It’s been nearly a year since Gov. Phil Bredesen announced aproposal to create a community college curriculum designed to prepare studentsto become managers at big-box retailers like Wal-Mart.
Yet there is no sign that any such “Wal-Mart 101″program will be available at two-year schools across the state anytime soon.
Asked in an interview with The Associated Press this weekabout what the holdup is, Bredesen responded: “The Board of Regents andthe general difficulty of moving things forward in the educationalsystem.”
The Board of Regents oversees two-year schools and publicuniversities that are not part of the University of Tennessee system.
“The Board of Regents on that one has not picked up theidea and carried forward on their own in some fashion,” Bredesen said.
Bredesen said he prefers state officials to moveaggressively on new ideas. He said he’d rather have to tell officials to slowdown rather than have to constantly prod them into action.
The governor said that he sometimes has to ask UT PresidentJohn Petersen to rein in the pace of new programs, but that that rarely occurswith the Board of Regents.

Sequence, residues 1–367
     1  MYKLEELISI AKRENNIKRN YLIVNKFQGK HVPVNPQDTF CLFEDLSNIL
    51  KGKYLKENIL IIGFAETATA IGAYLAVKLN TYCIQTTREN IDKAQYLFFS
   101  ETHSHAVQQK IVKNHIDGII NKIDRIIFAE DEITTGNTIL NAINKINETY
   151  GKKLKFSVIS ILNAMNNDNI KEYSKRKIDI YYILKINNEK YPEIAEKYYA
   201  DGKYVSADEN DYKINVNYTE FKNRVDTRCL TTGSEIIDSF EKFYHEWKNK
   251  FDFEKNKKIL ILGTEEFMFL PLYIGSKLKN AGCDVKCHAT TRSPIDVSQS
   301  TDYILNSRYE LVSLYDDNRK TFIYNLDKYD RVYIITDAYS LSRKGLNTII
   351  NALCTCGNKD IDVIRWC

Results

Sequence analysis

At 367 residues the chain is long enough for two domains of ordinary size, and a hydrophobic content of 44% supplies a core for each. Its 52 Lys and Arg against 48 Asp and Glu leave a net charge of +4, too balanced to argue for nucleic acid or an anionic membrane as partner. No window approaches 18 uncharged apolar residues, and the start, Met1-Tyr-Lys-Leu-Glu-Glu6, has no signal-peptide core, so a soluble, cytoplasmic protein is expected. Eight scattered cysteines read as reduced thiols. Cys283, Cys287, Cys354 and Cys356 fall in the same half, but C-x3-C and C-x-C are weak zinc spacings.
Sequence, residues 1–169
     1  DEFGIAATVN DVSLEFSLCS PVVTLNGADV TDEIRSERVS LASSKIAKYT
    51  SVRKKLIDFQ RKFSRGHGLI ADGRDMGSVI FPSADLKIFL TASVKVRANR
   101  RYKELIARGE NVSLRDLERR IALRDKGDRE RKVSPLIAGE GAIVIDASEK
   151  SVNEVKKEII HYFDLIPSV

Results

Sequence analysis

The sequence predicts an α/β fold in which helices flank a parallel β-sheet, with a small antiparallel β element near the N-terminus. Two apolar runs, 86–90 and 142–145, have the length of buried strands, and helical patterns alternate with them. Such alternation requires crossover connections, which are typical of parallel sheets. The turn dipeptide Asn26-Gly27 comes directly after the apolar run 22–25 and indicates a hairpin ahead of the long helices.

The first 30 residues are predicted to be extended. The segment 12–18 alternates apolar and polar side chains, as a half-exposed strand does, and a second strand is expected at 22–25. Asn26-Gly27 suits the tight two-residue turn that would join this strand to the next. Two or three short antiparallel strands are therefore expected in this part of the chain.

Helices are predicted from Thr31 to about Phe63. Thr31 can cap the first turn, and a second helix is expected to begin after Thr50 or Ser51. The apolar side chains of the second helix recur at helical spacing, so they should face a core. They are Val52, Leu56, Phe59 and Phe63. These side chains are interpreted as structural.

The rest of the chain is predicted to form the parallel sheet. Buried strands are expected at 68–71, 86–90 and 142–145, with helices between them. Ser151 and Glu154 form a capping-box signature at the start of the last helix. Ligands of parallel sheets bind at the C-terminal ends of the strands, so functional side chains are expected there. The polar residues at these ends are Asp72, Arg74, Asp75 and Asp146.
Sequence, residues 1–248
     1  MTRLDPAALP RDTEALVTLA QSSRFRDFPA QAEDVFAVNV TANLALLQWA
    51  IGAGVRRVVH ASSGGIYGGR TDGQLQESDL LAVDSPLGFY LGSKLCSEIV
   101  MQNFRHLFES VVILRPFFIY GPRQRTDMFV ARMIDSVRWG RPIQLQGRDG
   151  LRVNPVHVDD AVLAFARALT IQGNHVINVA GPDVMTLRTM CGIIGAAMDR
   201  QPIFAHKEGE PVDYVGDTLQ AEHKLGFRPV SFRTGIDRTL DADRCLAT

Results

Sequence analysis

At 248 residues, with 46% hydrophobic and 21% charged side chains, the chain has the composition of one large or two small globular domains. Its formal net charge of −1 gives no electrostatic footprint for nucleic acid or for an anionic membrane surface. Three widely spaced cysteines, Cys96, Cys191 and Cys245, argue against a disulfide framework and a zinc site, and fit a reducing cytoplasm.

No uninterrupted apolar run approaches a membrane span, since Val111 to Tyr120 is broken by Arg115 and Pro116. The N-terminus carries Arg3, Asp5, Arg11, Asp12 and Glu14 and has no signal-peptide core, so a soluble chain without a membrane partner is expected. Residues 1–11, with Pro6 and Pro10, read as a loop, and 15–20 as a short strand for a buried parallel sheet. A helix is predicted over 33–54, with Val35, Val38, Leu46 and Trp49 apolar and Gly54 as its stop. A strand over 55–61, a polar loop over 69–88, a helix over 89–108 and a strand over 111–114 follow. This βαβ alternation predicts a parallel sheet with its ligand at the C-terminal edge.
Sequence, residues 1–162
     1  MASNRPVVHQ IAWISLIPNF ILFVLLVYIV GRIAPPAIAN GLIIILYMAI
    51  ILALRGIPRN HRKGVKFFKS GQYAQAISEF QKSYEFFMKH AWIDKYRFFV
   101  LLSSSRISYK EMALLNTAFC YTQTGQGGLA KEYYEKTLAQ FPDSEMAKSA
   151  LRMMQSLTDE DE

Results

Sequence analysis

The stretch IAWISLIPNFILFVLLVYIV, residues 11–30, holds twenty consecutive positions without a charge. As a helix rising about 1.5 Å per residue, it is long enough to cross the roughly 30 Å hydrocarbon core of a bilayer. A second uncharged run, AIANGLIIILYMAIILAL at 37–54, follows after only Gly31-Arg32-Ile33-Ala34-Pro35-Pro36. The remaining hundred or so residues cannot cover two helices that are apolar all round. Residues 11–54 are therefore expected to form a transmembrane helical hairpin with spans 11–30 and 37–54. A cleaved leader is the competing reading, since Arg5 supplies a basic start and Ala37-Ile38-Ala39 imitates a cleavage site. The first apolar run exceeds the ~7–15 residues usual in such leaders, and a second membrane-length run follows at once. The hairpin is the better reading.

Board of Regents Chancellor Charles Manning could notimmediately be reached for comment Thursday.
Bredesen acknowledged that the Board of Regents may havebeen distracted by debate during the legislative session over severalcommunity-college related subjects like his ultimately doomed proposal to givefree tuition to high school graduates who average a 19 on their ACT college entranceexams. Bredesen has vowed to bring back the community college scholarshipproposal next year.
Meanwhile, the state last week announced that as part ofEastman Chemical Co.’s $1.3 billion reinvestment in its Kingsportfacilities the state will pour $1 million into tailoring programs at Northeast State Technical Community College to the company’s work force needs.
The “Eastman 101” program will address specificjob skills for mechanics, lab analysts and chemical operators. The proposalalso could benefit other companies in the region because they could hiregraduates of the programs.
Although the job training program will be at a Regentscollege, it won’t be available at campuses across the state the way Bredesenenvisions the “Wal-Mart 101” program
“We had the opportunity to do the ‘101’ with somebody,so we obviously grabbed that and took it,” Bredesen said. “The otherone (for big-box retailers) I’m still interested in and we’re still pushing forit.”
TennesseeBoard of Regents: http://www.tbr.state.tn.us/
– Associated Press
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